Georgia residents should know that breast cancer does arise in men, however rare it might be, since men have breast tissue and even the glands for producing milk and the ducts for carrying that milk to the nipple. There are three common types of breast cancer in men: invasive ductal carcinoma, ductal carcinoma in situ and invasive lobular carcinoma

IDC starts in the milk duct and spreads to the fatty tissue, after which it may metastasize in other parts of the body. IDC affects 8 out of 10 men with breast cancer, and it may be combined with other cancers whether invasive or in situ. DCIS affects the cells lining the ducts, and though it is in situ, it may become invasive in the future. There’s currently no way to predict DCIS behavior. This affects 1 in 10 male breast cancer patients.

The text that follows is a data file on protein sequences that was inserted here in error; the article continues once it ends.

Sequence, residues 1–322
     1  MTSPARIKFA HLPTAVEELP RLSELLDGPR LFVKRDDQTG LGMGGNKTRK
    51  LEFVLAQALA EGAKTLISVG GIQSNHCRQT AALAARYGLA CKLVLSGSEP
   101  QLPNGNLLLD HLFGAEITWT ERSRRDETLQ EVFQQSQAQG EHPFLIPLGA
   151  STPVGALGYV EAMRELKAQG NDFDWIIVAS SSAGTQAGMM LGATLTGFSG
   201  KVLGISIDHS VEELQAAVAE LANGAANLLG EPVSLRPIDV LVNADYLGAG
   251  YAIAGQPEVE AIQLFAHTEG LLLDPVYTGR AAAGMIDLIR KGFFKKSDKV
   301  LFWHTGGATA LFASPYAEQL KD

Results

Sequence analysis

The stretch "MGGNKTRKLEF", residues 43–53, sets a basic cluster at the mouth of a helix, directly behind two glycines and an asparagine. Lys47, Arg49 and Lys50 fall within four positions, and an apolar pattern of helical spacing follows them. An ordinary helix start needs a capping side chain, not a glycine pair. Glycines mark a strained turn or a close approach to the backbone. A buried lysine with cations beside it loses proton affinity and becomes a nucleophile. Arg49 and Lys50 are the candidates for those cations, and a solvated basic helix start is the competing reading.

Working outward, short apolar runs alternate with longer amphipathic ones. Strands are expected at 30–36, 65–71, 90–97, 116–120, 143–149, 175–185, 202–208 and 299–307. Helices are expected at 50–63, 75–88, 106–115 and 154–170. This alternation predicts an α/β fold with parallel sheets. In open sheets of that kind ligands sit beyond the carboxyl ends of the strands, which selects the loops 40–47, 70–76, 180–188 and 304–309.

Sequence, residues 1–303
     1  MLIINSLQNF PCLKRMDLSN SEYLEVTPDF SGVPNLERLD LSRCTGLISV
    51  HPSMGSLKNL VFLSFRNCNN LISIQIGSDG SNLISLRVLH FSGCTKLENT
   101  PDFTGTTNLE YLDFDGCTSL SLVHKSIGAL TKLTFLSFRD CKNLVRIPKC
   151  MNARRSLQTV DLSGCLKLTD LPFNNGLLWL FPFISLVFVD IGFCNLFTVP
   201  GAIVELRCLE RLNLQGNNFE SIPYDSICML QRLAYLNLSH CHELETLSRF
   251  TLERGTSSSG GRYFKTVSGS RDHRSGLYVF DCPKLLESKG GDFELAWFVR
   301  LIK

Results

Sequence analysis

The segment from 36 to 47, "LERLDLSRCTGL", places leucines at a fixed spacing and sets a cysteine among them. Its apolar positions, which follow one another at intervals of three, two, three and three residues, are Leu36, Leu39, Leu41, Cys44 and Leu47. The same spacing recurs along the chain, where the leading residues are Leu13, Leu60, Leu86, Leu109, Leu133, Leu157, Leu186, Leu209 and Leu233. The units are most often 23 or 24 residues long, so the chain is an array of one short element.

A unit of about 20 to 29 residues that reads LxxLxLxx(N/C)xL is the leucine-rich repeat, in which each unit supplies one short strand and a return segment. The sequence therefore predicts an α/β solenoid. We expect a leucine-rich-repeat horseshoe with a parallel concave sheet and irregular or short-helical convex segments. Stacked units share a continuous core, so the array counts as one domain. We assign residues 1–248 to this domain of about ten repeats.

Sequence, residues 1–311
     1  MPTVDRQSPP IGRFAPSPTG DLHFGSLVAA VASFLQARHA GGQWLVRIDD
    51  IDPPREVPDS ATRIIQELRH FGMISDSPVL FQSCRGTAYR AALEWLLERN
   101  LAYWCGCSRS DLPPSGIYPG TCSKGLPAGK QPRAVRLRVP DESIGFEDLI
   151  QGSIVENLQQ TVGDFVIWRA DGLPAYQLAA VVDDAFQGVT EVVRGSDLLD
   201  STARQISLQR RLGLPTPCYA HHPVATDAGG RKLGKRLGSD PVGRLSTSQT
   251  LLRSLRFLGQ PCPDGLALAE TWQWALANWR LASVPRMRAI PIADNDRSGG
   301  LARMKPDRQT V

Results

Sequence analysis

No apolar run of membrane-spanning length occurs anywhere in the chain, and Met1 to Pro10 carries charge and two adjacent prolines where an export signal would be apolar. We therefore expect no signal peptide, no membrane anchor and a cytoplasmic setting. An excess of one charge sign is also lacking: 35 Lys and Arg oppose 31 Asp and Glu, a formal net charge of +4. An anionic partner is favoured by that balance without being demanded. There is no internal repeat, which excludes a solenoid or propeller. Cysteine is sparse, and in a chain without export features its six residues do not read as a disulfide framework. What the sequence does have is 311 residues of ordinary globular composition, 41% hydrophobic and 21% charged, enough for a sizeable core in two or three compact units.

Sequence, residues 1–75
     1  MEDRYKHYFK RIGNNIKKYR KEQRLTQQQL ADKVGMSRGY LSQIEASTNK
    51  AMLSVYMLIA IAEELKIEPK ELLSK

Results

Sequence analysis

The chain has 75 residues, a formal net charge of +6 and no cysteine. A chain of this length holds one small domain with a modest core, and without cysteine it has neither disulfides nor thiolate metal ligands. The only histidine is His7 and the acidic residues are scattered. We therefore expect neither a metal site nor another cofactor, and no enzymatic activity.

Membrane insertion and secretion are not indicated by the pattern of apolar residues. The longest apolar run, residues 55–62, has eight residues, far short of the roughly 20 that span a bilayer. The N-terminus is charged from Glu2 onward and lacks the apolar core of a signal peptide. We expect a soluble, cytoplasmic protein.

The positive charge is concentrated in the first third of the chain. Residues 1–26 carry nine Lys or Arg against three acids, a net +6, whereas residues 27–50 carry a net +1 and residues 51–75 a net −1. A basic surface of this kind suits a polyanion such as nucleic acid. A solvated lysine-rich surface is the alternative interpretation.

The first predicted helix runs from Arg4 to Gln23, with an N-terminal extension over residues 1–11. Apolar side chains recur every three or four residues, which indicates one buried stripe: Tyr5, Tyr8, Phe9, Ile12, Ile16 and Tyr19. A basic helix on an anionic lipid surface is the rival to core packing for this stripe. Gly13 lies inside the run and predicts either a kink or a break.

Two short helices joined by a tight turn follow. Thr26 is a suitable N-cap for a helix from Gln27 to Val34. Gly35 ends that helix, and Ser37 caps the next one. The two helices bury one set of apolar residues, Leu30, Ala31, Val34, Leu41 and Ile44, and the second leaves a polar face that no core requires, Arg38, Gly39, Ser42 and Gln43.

ILC, which resides in the lobular or glandular breast tissue, affects only about 2% of male breast cancer patients because most men do not have much of this tissue. Other types of breast cancers in men include inflammatory breast cancer and Paget’s disease in the nipple.

Not all breast cancers form a lump. Many lumps, in fact, may just be benign tumors. The most common of the benign breast disorders among men is gynecomastia.

The path to a correct diagnosis of breast cancer in men, as with many other cancers, can be long and frustrating. Those who are harmed as a result of a delayed diagnosis or an outright misdiagnosis may have grounds for a medical malpractice case. They may have had to undergo unnecessary treatments while their true condition worsened in the meantime. With a lawyer, victims may be able to present their case and negotiate for a fair settlement.